A Tempe teacher made a film about what she was carrying on the SpaceX flight


All Sian Proctor could carry with her was a SpaceX duffel bag.

So she wanted to tell the story of what she put in that bag when she went into space on September 15, 2021. It was the first all-civilian flight to go into orbit.

Within two hours of returning from SpaceX to California, Proctor — the first African-American woman to pilot a spacecraft — was on a film set for a documentary. It would become the first film produced by Proctor.

Directed by local filmmaker Matty Steinkamp, ​​the film “Unpacking Space” will premiere at the Phoenix Independent Film Festival from February 10-12. There will also be a book signing and poetry performance with Proctor at 1 p.m. on Saturday, February 12 at Strawberry Hedgehog Vegan Boutique, 1501 W. Thomas Road, Phoenix.

“I felt like this is a moment that I have control over, that I can share and document,” Proctor said. “What you’re packing for space and why it’s special for people to take those things is a story that Matty and I didn’t put that together so quickly, but we did. And I am so proud of it.

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The idea started when she picked up her SpaceX bag

Steinkamp had been friends with Proctor for years.

Proctor, scientist and professor, has always loved documentaries. But she had never made one herself.

After picking up her suitcase from SpaceX in California, she had an idea. Why not make a film that documented her as she unpacked her suitcase?

“I knew I couldn’t do it myself,” Proctor said. “So I just messaged (Steinkamp) and said, ‘You want to document this, I’ll be home tomorrow. And he just replied: “Absolutely. Where should I be?’ He saw the value in what I wanted to do. That’s why I contacted him, I knew he would get it.

The film crew got to her apartment before her and began filming her as she started walking down the hall to her apartment door.

The film lasted six days. Three days were spent filming (day one was Proctor unpacking the bag) and three days editing and producing it.

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Every item in the bag mattered to Proctor

The film shows Proctor unpacking his suitcase immediately after arriving home. Throughout the 17-minute film, viewers will see Proctor explain the significance of the objects that traveled here, in addition to insight into Proctor’s experience in space.

“I wanted it to be raw,” Proctor said. “I wanted it to be that experience of opening that suitcase and literally being able to flick through things for the first time. If I had done it later, I would have lost that feeling of excitement, wonder and happiness. to the idea that the mission is over.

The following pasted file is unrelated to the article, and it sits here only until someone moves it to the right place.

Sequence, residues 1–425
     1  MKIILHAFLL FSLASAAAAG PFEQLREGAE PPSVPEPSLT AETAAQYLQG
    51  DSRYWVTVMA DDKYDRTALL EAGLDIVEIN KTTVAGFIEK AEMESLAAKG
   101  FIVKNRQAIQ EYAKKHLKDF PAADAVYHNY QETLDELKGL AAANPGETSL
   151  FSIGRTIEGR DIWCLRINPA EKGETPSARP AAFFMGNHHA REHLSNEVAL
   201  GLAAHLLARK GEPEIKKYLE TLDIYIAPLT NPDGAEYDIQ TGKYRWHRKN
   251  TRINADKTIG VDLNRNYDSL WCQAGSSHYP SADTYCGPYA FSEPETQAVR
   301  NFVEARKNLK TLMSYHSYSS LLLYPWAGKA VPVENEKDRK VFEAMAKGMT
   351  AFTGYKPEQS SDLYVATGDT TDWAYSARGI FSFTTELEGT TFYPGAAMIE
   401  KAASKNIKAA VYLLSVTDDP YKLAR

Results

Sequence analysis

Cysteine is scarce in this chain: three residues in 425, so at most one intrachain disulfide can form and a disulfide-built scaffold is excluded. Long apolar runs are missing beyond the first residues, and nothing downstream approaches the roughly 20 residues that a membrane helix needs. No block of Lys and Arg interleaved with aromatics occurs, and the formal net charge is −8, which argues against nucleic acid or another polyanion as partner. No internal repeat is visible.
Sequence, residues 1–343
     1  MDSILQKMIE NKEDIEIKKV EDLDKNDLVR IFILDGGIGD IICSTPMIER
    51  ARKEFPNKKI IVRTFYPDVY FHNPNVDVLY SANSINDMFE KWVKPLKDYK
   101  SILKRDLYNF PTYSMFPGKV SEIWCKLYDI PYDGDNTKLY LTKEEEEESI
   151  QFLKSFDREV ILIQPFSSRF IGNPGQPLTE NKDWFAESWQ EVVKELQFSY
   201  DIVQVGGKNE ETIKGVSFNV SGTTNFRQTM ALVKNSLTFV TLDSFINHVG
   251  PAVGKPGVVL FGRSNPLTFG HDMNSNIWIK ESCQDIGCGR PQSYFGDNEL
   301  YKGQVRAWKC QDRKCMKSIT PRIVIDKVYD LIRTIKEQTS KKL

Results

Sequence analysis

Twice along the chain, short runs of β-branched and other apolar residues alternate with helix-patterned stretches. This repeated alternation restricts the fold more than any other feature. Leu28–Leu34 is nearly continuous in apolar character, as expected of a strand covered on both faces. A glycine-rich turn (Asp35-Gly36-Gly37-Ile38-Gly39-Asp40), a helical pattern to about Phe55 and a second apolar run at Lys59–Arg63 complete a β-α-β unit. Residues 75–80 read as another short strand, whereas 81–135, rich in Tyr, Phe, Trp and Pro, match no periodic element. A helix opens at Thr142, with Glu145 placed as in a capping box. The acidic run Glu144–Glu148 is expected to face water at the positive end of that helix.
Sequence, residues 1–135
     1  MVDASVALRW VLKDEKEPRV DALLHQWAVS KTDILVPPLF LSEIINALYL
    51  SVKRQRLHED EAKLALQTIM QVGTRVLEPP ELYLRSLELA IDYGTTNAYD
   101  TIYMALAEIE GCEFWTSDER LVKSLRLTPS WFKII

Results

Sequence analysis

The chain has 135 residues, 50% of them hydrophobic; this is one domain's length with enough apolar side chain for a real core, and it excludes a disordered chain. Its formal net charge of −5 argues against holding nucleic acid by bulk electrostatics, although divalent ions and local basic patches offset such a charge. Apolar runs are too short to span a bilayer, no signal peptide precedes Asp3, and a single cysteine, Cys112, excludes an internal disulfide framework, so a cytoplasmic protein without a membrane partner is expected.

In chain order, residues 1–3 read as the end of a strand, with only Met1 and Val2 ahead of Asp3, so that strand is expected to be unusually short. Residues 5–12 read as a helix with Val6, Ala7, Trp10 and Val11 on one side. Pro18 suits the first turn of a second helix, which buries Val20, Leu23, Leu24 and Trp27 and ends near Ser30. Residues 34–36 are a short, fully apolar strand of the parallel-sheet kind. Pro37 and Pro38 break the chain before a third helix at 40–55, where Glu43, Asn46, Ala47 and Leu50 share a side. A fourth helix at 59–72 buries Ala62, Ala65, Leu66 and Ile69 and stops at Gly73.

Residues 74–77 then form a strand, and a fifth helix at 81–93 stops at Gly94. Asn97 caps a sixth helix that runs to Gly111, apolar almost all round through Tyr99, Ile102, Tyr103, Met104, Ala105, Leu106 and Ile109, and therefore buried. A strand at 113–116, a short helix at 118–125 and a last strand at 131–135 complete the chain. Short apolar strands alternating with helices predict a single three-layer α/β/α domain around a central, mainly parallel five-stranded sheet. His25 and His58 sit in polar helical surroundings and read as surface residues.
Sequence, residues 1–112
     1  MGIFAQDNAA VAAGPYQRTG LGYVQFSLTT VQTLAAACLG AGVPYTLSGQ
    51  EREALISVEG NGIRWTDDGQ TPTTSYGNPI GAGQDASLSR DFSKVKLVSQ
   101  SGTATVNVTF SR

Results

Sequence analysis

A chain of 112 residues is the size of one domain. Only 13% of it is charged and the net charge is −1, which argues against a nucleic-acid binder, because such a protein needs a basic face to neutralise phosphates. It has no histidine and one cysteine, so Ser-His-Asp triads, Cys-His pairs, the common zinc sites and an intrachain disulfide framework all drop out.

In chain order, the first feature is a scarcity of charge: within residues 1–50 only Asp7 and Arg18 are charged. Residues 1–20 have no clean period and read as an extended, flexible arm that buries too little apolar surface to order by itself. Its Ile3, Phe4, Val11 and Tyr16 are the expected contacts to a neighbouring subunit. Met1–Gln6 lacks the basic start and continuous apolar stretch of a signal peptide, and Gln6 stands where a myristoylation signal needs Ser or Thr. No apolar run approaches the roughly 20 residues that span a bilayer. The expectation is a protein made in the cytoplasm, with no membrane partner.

Her bag was filled with treasures, Proctor said. She filled four binders with her tokens, objects and mementos. Her father’s wedding ring and her mother’s locket, an autograph for her father signed by Neil Armstrong and blank canvases and art supplies filled the space.

But the objects of his relatives too.

A friend gave Proctor her flight attendant wings. Another, their Omega watch. Jewelry, coins, art and poetry, and trading cards also filled the duffel bag. She even invited people from the community – people she didn’t know – to submit art and poetry for her trip.

Before she left, Proctor invited local artists to submit their work to take with her. Thirty-two works of art and 30 pieces of poetry filled the space in his filing cabinets. She also included a meteorite from Arizona State University and pens from the city of Phoenix to represent the sister cities.

When Proctor returned, she threw a party where she gave away all the items to her friends and family.

“I’ve earned my place as an artist and a poet, and one of the things, in my winning poem, I talk about creating a Jedi space, a just, equitable, diverse, and inclusive space for all people. ‘humanity,’ Proctor said. “When I talk about Jedi space, people think of outer space, but my space platform to inspire is the space around you. I found my authentic voice in art and poetry. This film is another extension of that creative expression of my voice and my ability to share it in a unique way.

Details: Phoenix Independent Film Festival, February 10-12. Various locations in downtown Phoenix. Tickets start at $20. indiefilmfest.com/.

Contact the reporter at [email protected] Follow her on Instagram @sofia.krusmark

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